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early 15c., "the scourging of Christ," from French flagellation or directly from Latin flagellationem (nominative flagellatio) "a scourging," from past participle stem of flagellare (see flagellum).
flagellation flag·el·la·tion (flāj'ə-lā'shən)
Whipping oneself or another as a means of arousing or heightening sexual feeling.
The flagellar arrangement on an organism.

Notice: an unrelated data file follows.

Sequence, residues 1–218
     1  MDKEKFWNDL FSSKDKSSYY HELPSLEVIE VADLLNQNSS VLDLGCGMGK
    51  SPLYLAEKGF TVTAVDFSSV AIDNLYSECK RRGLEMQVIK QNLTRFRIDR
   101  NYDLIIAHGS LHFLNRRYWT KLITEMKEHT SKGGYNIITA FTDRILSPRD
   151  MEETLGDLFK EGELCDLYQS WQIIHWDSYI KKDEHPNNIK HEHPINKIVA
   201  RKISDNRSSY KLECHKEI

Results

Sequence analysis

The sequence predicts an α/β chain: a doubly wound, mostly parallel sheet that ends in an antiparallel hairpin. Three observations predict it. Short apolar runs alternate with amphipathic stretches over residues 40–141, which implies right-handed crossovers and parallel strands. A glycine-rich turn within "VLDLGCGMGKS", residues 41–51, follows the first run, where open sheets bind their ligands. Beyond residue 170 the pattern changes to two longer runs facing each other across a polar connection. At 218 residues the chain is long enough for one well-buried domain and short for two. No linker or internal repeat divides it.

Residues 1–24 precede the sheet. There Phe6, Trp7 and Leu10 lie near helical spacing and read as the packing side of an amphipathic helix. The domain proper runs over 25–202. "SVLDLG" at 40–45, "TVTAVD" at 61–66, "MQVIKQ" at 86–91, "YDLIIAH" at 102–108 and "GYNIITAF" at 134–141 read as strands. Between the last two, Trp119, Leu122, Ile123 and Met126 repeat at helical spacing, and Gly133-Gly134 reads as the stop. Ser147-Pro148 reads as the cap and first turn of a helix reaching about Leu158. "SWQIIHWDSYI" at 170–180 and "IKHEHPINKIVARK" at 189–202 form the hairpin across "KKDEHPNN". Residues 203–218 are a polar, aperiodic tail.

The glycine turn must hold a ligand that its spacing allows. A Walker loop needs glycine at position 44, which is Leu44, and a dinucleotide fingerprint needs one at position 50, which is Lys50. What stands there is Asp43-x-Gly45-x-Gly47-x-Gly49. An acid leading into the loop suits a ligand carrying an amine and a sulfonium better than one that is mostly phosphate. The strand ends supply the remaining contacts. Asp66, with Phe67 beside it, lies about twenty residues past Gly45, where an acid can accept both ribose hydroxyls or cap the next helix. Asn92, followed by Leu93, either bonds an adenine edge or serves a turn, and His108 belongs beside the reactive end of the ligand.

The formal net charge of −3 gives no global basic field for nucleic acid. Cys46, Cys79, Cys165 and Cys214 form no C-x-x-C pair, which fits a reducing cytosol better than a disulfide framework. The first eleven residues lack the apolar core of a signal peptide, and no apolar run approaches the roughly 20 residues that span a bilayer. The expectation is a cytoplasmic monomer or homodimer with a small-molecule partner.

in religion, the disciplinary or devotional practice of beating with whips. Although it has been understood in many ways-as a driving out of evil spirits, as purification, as a form of sadism, and as an incorporation of the animal power residing in the whip-none of these characterizations encompasses the whole range of the custom. In antiquity and among prehistoric cultures, ceremonial whippings were performed in rites of initiation, purification, and fertility, which often included other forms of physical suffering. Floggings and mutilations were sometimes self-inflicted. Beatings inflicted by masked impersonators of gods or ancestors figured in many Native American initiations. In the ancient Mediterranean, ritual floggings were practiced by the Spartans, and Roman heretics were whipped with thongs of oxtail, leather, or parchment strips, some being weighted with lead